compensation

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Compensation

A pecuniary remedy that is awarded to an individual who has sustained an injury in order to replace the loss caused by said injury, such as Workers' Compensation. Wages paid to an employee or, generally, fees, salaries, or allowances. The payment a landowner is given to make up for the injury suffered as a result of the seizure when his or her land is taken by the government through Eminent Domain.

West's Encyclopedia of American Law, edition 2. Copyright 2008 The Gale Group, Inc. All rights reserved.

compensation

n. 1) payment for work performed, by salary, wages, commission or otherwise. It can include giving goods rather than money. 2) the amount received to "make one whole" (or at least better) after for an injury or loss, particularly that paid by an insurance company either of the party causing the damage or by one's own insurer.

Copyright © 1981-2005 by Gerald N. Hill and Kathleen T. Hill. All Right reserved.

compensation

1 a monetary payment for loss or damage.
2 in Scotland, the right to set off one debt against another with the effect of reducing the one by the amount of the other. The right is not available after decree. It applies only to liquid debts or, at the discretion of the court, debts easily made liquid. There must be concursus debiti et crediti, meaning that each party must be the other's debtor and creditor. An executor sued for a private debt has been held unable to plead compensation in respect of a debt owed to him as executor. The rules operate differently in insolvency. See CRIMINAL INJURIES COMPENSATION.
Collins Dictionary of Law © W.J. Stewart, 2006

COMPENSATION, chancery practice. The performance of that which a court of chancery orders to be done on relieving a party who has broken a condition, which is to place the opposite party in no worse situation than if the condition had not been broken.
     2. Courts of equity will not relieve from the consequences of a broken condition, unless compensation can be made to the opposite party. Fonb. c. 6; s. 51 n. (k) Newl. Contr: 251, et. seq.
     3. When a simple mistake, not a fraud, affects a contract, but does not change its essence, a court of equity will enforce it, upon making compensation for the error, The principle upon which courts of equity act," says Lord Chancellor Eldon, "is by all the authorities brought to the true standard, that though the party had not a title at law, because he had not strictly complied with the terms so as to entitle him to an action, (as to time for instance,) yet if the time, though introduced, as some time must be fixed, where something is to be done on one side, as a consideration for something to be done on the other, is not the essence of the contract; a material object, to which they looked in the first conception of it, even though the lapse of time has not arisen from accident, a court of equity will compel the execution of the contract upon this ground, that one party is ready to perform, and that the other ma, have performance in substance if he will permit it." 13 Ves. 287. See 10 Ves. 505; 13 Ves. 73, 81, 426; 6 Ves. 675; 1 Cox, 59.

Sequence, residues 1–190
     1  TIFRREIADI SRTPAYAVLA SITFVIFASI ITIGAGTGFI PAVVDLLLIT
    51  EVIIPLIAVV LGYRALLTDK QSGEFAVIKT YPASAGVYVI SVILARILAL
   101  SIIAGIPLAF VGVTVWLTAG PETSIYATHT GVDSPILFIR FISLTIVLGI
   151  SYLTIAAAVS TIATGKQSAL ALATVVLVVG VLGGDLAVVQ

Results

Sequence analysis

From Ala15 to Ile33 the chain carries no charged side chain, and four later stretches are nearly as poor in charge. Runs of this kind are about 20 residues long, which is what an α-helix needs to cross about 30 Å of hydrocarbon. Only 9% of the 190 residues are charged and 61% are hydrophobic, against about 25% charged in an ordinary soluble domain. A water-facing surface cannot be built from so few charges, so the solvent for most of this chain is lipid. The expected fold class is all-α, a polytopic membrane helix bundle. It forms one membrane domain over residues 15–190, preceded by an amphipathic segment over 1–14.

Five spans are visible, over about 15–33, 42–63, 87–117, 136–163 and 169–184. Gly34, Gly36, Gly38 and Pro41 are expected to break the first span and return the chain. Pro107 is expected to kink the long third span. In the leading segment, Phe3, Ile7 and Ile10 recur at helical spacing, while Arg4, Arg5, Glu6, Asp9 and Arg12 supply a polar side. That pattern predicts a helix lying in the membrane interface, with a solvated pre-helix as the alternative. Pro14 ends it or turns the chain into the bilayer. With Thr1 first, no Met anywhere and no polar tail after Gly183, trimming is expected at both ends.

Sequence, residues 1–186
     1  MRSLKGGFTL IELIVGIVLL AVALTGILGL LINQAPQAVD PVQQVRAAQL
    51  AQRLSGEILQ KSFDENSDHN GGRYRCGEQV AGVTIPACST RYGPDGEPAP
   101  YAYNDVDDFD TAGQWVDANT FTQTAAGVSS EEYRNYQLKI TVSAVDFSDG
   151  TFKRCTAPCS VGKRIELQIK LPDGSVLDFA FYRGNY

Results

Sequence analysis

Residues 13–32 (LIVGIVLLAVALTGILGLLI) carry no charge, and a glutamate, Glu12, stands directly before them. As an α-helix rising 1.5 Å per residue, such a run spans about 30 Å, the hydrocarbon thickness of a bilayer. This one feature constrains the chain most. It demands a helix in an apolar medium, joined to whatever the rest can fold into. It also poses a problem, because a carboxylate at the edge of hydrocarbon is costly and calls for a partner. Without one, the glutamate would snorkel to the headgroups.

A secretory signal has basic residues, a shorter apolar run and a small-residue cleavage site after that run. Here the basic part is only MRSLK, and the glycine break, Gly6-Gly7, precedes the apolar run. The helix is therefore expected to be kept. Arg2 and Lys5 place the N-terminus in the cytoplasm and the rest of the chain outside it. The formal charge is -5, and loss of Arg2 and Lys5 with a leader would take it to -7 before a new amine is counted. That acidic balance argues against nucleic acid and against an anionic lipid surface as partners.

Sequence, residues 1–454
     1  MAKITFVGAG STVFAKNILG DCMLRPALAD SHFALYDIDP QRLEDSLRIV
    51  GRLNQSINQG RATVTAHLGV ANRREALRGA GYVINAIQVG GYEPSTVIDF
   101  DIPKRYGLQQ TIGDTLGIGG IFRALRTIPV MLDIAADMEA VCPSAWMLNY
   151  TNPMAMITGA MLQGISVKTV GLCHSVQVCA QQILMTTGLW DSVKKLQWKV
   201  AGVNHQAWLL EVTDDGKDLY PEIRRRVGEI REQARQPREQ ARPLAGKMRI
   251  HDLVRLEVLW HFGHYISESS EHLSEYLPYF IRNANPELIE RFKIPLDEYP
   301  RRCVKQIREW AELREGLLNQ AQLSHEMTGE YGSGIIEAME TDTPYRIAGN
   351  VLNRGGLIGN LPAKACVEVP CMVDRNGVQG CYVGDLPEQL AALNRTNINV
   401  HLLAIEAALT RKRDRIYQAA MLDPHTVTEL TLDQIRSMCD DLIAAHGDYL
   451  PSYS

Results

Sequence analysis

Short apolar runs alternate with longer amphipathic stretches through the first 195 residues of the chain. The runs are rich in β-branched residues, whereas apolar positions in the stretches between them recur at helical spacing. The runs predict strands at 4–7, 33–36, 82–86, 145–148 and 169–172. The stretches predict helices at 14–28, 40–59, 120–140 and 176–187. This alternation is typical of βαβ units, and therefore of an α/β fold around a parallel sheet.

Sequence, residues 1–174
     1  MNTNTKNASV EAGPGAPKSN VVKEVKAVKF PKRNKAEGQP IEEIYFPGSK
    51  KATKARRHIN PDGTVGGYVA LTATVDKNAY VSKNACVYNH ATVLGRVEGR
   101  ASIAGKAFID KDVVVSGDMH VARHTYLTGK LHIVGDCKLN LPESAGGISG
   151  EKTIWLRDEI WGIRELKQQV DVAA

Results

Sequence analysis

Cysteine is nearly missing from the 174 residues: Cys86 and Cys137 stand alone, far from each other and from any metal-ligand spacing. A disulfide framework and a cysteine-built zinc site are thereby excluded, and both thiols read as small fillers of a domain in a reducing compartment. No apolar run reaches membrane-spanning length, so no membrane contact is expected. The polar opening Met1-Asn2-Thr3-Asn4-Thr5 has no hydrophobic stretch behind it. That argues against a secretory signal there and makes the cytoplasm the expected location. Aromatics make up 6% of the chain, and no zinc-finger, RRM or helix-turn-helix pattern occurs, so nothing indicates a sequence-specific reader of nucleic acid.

COMPENSATION, contracts. A reward for services rendered.

COMPENSATION, contracts, civil law. When two persons are equally indebted to each other, there takes place a compensation between them, which extinguishes both debts. Compensation is, therefore, a reciprocal liberation between two persons who are creditors and debtors to each other, which liberation takes place instead of payment, and prevents a circuity. Or it may be more briefly defined as follows; compensatio est debiti et crediti intter se contributio.
     2. Compensation takes places, of course, by the mere operation of law, even unknown to the debtors the two debts are reciprocally extinguished, as soon as they exist simultaneously, to the, amount of their respective sums. Compensation takes place only between two debts, having equally for their object a sum of money, or a certain quantity of consumable things of one and the same kind, and which are equally liquidated and demandable. Compensation takes place, whatever be the cause of either of the debts, except in case, 1st. of a demand of restitution of a thing of which the owner has been unjustly deprived; 2d. of a demand of restitution of a deposit and a loan for use; 3d. of a debt which has for its cause, aliments declared not liable to seizure. Civil Code of. Louis. 2203 to 2208. Compensation is of three kinds: 1. legal or by operation of law; 2. compensation by way of exception; and, 3. by reconvention. 8 L. R. 158; Dig. lib. 16, t. 2; Code, lib. 4, t. 31; Inst. lib. 4, t' 6, s. 30; Poth. Obl. partie. 3eme, ch. 4eme, n. 623; Burge on Sur., Book 2, c. 6, p. 181.
     3. Compensation very nearly resembles the set-off (q.v.) of the common law. The principal difference is this, that a set-off, to have any effect, must be pleaded; whereas compensation is effectual without any such plea, only the balance is a debt. 2 Bouv. Inst. n. 1407.

COMPENSATION, crim. law; Compensatio criminura, or recrimination (q.v.)
     2. In cases of suits for divorce on the ground of adultery, a compensation of the crime hinders its being granted; that is, if the defendant proves that the party has also committed adultery, the defendant is absolved as to the matters charged in the libel of the plaintiff. Ought. tit. 214, Pl. 1; Clarke's Prax. tit. 115; Shelf. on Mar. & Div. 439; 1 Hagg. Cons. R. 148. See Condonation; Divorce.

COMPENSATION, remedies. The damages recovered for an injury, or the violation of a contract.. See Damages.

A Law Dictionary, Adapted to the Constitution and Laws of the United States. By John Bouvier. Published 1856.
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